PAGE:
SUSAN STAMBERG, host:
Neil Aspinall was sometimes called the fifth Beatle. Who? Neil Aspinall, a close friend and business associate of the Fab Four from their Liverpool days onward. At first, he drove the guys from show to show. He became their road manager, accounting, and consigliere. He ended up running their vast business empire Apple Corps. Neil Aspinall died of lung cancer this week in New York City. He was 66.
As a Beatles scholar, Martin Lewis has been studying John, Paul, George, and Ringo, and Neil for 40 years. He's in our New York Bureau.
So, so many Beatles fans have never heard of Neil Aspinall. How is that?
Mr. MARTIN LEWIS (Beatles Scholar): Neil Aspinall was possibly that rarest of breeds in the entertainment industry, somebody who sought no glory what-so-ever for himself. He was a faithful servant to the Beatles from 1961 onwards, but he really never sought the lime-light.
The diehard fans heard of him and knew his name because the Beatles would refer to Neil and his other cohorts as a road manager in the early days. They'd refer to him in interviews, so the diehard Beatle fans know the name. And those who are business junkies, I suppose, who have followed the fortunes of the Beatles' Apple empire over the last 30 years, also know the name. But the vast majority of people who love the Beatles probably have never heard the name.
STAMBERG: Mm-hmm. Well, what can you tell us about what his personal relationships were like with the band?
Mr. LEWIS: Neil Aspinall was training to be an accountant. And in 1961, that was probably a more lucrative field of employment than being the road manager to a pop group.
Mr. LEWIS: The average shelf-life might have been about two and a half years. But he was struck by the Beatles. He felt there was something there and he enjoyed their company and he gave up his accountancy studies, which was unheard of. You weren't supposed to do that in those days, and not for something as peripheral and frivolous as pop music.
But he was dedicated to them and he started, as you mentioned, as their road manager. The term roadie had not even been coined. And he soon became much more of a traditional road manager. He was a confidante and crucially, he kept their confidences. He never gave up, not in those early days in the '60s, nor any time since, never told you anything about them, unless he thought it was appropriate.
STAMBERG: That's interesting. Never wrote a memoir after the band broke up, eh?
Mr. LEWIS: There were people who have - you'd meet people and five minutes later they've written a memoir.
(Soundbite of laughter)
Mr. LEWIS: Neil Aspinall stayed in their employ and after the Beatles broke up in late 1969, early 1970, he was running, in a nominal sense, their Apple company.
He was in a sense a caretaker, and he said at the time, I'll run this until you find somebody who knows how to do it. But he had something that was really important. He had loyalty that he proved over the proceeding eight or nine years and he was trusted by all four members. Now, at the time, if you remember when the Beatles broke up, there was some acrimony amongst them.
Mr. LEWIS: And he was about the only thing they all four could agree on. They all knew one thing - that Neil Aspinall would never let them down, he'd never rip them off, he'd never betray them. And that made him more important than anybody with an MBA. For most people, being involved, looking after the Beatles' affairs would be a stepping stone. For Neil Aspinall, the Beatles were the stone.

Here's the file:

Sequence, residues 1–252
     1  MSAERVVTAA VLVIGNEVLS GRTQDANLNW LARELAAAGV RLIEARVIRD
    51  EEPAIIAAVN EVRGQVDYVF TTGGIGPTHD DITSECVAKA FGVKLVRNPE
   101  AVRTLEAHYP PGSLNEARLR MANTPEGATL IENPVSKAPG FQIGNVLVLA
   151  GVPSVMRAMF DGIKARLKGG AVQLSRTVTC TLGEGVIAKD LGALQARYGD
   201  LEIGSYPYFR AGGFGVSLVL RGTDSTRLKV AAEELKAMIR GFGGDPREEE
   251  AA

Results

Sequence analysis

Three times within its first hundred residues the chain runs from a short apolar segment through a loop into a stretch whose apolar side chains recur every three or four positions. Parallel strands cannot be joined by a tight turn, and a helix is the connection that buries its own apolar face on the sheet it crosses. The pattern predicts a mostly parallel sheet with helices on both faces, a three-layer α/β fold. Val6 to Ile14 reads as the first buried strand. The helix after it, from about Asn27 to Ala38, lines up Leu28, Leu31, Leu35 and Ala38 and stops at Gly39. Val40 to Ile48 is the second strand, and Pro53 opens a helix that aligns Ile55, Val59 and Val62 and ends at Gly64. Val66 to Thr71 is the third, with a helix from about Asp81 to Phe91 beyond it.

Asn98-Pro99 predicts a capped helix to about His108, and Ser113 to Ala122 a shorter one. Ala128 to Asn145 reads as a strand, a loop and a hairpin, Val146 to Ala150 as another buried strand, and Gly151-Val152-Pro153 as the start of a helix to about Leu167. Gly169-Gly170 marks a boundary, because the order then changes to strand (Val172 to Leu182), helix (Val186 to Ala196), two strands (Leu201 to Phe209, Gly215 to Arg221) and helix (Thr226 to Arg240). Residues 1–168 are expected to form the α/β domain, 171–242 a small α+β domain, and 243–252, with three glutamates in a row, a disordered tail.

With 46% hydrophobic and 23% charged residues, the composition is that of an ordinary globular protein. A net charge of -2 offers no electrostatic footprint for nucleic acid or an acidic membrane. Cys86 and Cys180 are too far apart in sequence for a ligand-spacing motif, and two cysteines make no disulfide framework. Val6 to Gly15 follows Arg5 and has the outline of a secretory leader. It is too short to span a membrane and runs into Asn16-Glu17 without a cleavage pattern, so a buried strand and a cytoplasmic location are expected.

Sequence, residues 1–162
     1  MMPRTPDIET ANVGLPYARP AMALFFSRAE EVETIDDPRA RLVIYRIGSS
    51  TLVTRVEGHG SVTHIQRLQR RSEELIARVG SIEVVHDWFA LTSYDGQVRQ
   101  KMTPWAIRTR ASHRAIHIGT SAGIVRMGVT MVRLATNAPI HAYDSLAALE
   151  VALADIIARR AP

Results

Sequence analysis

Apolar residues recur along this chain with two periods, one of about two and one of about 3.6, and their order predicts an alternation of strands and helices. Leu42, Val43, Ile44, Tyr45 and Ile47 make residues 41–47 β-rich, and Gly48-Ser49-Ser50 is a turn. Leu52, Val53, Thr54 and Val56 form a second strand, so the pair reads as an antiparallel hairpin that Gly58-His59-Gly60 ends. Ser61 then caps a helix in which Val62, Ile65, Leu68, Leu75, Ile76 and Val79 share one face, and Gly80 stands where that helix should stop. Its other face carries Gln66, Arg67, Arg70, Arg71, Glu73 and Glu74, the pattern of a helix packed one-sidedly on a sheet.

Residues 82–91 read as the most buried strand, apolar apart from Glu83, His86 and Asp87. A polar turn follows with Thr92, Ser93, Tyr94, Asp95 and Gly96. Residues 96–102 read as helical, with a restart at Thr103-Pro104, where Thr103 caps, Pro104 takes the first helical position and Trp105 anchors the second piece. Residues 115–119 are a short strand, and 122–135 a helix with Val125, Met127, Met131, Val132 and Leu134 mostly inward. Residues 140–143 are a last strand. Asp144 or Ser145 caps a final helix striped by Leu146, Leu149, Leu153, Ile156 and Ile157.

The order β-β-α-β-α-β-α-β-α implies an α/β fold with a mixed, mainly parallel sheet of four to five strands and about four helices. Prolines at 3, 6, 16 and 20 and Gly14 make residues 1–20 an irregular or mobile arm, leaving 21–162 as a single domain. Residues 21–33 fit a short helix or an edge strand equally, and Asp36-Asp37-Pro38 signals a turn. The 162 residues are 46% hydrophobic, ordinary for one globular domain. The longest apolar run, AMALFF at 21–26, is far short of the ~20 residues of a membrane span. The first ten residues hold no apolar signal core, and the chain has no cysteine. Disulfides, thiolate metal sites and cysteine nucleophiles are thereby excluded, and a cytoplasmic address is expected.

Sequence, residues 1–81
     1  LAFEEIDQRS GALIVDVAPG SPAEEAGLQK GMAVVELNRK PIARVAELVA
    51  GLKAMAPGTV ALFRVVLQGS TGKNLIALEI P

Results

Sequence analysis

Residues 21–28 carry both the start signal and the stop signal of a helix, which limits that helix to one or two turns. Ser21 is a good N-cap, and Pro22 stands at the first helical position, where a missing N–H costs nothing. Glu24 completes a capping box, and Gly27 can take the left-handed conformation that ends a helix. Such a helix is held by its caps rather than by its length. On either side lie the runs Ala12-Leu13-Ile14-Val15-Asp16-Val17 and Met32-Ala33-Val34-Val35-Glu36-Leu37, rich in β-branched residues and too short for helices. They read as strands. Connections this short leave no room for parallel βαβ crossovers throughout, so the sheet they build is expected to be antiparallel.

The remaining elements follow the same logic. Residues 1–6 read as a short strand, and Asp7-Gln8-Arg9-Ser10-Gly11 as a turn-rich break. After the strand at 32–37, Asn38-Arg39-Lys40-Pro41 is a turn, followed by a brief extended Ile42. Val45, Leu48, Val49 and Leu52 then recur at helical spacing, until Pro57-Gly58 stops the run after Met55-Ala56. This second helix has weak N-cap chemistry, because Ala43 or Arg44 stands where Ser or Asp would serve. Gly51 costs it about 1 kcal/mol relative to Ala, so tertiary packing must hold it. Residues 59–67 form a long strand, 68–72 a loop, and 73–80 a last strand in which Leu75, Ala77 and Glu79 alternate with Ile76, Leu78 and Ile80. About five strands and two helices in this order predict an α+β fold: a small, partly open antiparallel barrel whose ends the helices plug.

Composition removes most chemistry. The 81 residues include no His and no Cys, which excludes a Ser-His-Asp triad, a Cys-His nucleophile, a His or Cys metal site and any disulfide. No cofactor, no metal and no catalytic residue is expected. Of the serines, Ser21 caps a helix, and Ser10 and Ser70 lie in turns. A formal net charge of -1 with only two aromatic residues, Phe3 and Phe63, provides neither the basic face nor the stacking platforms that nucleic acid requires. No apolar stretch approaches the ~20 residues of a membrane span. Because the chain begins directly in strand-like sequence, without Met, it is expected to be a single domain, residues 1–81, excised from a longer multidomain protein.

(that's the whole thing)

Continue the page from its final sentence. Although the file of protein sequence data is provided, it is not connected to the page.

Mr. LEWIS: There was no stepping stone to anything else. He simply was there in service to them.
STAMBERG: And what had he accomplished when he was head of Apple?
Mr. LEWIS: The first few years after the breakup of the Beatles were much more the role of the sentinel, custodian, tidying up the loose ends, and there were at least five or six years of legal ranglings. He was trying to sort out various complications in their recording and film agreements, and he acted really like a curator.
But as time went by, he had other thoughts in his mind and that was how the legacy should and could be extended and honored. But that curating work and gathering together of materials was to pay dividends. In the mid-'80s he settled, finally, some long-standing battles that had been going on with the Beatles' record company, EMI, Capitol Records in America. He settled those differences and made it possible for the Beatles' catalog to come out on CD. The Beatles were actually among the last of the major artists to have their catalog released on CD, but that was because Neil Aspinall was determined to use the opportunity as leverage to get secure - to secure better rights for the Beatles on their recordings, which is what he did.
And something very crucial happened. The Beatles discovered that they had a young audience again. It wasn't just aging baby boomers like myself that was enjoying the Beatles' recordings and films, it was a whole, new generation.
STAMBERG: Is there an appropriate Beatles' song, Mr. Lewis, that might commemorate that relationship Neil Aspinall had with the Beatles?
Mr. LEWIS: In 1965, proving that he was a very old soul at a young age, John Lennon wrote a song called "In My Life," which was a reflection and recollection of friends including those who had recently passed. And I think given his friendship and the depth of his relationship with the Beatles, I think that would be a very appropriate song.
STAMBERG: Martin Lewis. This weekend, he is in New York City hosting the annual Beatlefest Convention. Thank you, Mr. Lewis.
Mr. LEWIS: My pleasure.
(Soundbite of song, "In My Life")
NPR transcripts are created on a rush deadline by a contractor for NPR, and accuracy and availability may vary. This text may not be in its final form and may be updated or revised in the future. Please be aware that the authoritative record of NPR's programming is the audio.